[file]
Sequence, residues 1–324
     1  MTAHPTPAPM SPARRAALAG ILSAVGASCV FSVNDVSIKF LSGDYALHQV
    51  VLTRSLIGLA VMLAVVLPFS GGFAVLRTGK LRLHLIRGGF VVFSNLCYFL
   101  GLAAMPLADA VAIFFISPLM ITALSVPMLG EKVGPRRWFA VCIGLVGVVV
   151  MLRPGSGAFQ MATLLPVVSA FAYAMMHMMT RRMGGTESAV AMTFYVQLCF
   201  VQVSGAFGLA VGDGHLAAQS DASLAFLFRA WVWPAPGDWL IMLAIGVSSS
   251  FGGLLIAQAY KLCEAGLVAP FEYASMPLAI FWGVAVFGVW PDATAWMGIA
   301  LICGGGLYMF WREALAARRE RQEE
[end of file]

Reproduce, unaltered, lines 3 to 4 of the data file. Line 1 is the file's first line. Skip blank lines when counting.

    51  VLTRSLIGLA VMLAVVLPFS GGFAVLRTGK LRLHLIRGGF VVFSNLCYFL
   101  GLAAMPLADA VAIFFISPLM ITALSVPMLG EKVGPRRWFA VCIGLVGVVV